Rick, Linda and Jeff don't even know each other. They're not getting any big awards for being the Greatest People Who Make Big Donations in Cincinnati. But maybe they should.
Their contributions are not the kind with lots of zeroes on a check. They're worth more than that.
Walk into the locker room at Maketewah Country Club, and there's Rick Armstead, the man in charge. But he doesn't use his free time to walk the velvety greens and carpet-smooth fairways. He's as far from that as Ping is from "bling-bling.''
"We've walked downtown, Westwood and Avondale. We're getting ready to take on Over-the-Rhine,'' he said. Armstead and about 10 other guys started campaigning for President Bush with Cincinnati Councilman Sam Malone. But he soon found he had a message to deliver.
"I tell them: 'You got it all wrong. The police are not your enemy. If you respect authority, you can be whatever you want. Down with dope.' "
He wants Cincinnati to know that "a lot of people are scared, but there are some guys out here who want this to change. Everybody in our community is not against the police.''
His car windshield was smashed, and he says he was told, "We don't want to hear that stuff." But he's not quitting.
"We gotta take our city back - one neighborhood at a time.''
Linda didn't want me to use her last name because from 1989 until a year ago, she was selling herself on the street to feed a $500-a-day crack habit. "I went to any length to get mine,'' she said. "When you are doing those things, you get so ashamed and embarrassed for who you are - I couldn't even look someone in the eye without crying.''
Thanks to treatment at Talbert House and her own determination, she is clean and sober and has a full-time job in a fast-food restaurant. "Drive-through leader is not much. But to me, to see my name on the wall is really something.''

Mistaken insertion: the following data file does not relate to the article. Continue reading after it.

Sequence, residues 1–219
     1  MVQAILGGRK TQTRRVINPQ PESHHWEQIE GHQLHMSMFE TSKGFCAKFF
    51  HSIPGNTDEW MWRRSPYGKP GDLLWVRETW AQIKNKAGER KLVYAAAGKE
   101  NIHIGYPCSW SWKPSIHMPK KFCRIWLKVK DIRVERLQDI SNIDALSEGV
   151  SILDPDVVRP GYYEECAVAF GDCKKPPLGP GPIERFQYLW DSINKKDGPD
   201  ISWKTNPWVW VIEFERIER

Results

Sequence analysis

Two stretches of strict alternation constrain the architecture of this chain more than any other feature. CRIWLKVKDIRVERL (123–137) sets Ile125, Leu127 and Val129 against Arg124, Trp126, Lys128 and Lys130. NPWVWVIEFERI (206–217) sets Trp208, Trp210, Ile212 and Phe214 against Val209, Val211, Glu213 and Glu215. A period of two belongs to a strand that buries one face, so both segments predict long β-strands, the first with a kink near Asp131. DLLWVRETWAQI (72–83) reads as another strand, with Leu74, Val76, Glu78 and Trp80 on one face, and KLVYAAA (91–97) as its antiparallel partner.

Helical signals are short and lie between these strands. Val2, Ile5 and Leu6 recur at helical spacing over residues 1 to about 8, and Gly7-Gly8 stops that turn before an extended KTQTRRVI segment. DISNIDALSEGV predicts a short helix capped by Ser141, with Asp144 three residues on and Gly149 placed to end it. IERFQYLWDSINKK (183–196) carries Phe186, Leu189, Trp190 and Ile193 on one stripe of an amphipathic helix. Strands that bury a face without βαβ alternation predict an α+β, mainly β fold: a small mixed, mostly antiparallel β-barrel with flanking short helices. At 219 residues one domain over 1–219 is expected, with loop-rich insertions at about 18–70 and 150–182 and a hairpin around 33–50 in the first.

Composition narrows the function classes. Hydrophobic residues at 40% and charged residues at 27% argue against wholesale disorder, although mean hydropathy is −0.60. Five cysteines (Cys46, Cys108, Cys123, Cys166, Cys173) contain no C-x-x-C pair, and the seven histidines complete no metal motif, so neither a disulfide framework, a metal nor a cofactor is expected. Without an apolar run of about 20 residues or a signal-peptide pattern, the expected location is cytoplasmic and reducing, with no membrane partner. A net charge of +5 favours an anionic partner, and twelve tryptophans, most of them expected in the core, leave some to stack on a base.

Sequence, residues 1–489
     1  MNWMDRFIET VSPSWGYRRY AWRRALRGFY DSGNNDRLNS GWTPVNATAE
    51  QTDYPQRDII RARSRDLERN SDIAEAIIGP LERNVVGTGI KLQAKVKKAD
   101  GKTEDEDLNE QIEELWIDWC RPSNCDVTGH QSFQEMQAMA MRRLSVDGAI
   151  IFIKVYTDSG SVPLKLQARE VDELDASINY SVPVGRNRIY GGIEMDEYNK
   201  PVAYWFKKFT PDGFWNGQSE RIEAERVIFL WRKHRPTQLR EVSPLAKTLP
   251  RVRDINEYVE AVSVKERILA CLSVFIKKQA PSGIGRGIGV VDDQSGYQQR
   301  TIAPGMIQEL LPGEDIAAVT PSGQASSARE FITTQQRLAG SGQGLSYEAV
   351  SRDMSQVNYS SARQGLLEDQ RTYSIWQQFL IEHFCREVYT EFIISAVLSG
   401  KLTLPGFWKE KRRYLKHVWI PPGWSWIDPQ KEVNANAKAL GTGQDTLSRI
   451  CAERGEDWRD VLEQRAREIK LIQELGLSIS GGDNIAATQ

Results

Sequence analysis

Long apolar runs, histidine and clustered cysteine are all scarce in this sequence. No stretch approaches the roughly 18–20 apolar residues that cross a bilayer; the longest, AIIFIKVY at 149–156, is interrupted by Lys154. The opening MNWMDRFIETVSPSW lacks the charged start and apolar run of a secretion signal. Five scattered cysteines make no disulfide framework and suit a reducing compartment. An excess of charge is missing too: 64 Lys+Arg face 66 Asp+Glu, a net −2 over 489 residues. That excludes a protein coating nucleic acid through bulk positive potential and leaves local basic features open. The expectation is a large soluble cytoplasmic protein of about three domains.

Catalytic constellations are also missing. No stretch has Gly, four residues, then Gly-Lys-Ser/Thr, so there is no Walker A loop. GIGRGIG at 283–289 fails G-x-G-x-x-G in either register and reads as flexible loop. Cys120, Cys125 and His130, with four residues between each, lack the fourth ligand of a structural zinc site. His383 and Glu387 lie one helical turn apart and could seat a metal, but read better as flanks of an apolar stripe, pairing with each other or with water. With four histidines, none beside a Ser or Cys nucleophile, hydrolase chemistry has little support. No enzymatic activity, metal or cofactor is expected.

She can look people in the eye - even laugh and joke.
Most who get a smile from her with their fries will never know she went to prison three times and begged on the streets for food. Someday, she might almost forget it, too.
Jeff Best of Colerain Township was vice president at a local trucking company, about to be promoted to president. Instead he quit and bought Spring Grove Manufacturing in Camp Washington, which makes plastic phone book covers.
"After the riots in 2001, I prayed for 30 days for God to show me a way to help people in the inner city,'' he said. At the end of the month, he found the business he now runs.
He makes about a third of his former salary, but his new company produces something far more valuable: hope.
"We hire people who are down on their luck - with drug problems, or maybe they've been to jail." One of his 12 employees has stayed on the job more than a year - after doing 13 years for armed robbery. "Two of our guys right now are back in jail. But we're just trying to give people another shot in life.''
When the children of an employee were nearly hit in a drive-by shooting, Best decided to buy an apartment building, to provide a safe, affordable place for single mothers and their children.
"Our business is growing, but right now it is a bit of a struggle,'' he said. "Personally, it's very rewarding.''
One neighborhood, one life, one city at a time.
Best said it best:
"I believe we are all here to make some kind of an impact.''
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